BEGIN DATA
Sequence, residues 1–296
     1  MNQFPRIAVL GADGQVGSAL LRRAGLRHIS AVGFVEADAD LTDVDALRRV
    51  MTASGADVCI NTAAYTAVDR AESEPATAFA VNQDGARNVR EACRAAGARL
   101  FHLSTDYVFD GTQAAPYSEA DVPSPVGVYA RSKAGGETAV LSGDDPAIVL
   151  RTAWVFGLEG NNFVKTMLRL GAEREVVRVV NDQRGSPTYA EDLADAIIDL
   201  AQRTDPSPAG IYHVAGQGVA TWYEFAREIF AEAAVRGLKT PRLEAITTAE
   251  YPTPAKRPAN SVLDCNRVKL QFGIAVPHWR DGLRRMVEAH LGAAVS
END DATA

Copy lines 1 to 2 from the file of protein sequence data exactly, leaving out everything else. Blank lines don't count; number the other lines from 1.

Sequence, residues 1–296
     1  MNQFPRIAVL GADGQVGSAL LRRAGLRHIS AVGFVEADAD LTDVDALRRV